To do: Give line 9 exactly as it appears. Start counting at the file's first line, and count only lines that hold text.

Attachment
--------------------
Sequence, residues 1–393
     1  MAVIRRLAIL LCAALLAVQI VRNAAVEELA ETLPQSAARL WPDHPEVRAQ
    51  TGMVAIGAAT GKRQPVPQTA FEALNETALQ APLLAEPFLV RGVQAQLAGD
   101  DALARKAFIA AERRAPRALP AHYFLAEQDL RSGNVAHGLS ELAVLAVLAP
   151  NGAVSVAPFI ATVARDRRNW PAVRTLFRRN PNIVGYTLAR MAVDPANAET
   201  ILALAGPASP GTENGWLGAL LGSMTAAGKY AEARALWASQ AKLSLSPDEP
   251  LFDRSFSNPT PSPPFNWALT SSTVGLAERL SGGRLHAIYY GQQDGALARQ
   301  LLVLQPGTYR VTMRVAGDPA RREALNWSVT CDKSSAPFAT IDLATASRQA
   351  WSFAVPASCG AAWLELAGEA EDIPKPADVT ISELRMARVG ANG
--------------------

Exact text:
   351  WSFAVPASCG AAWLELAGEA EDIPKPADVT ISELRMARVG ANG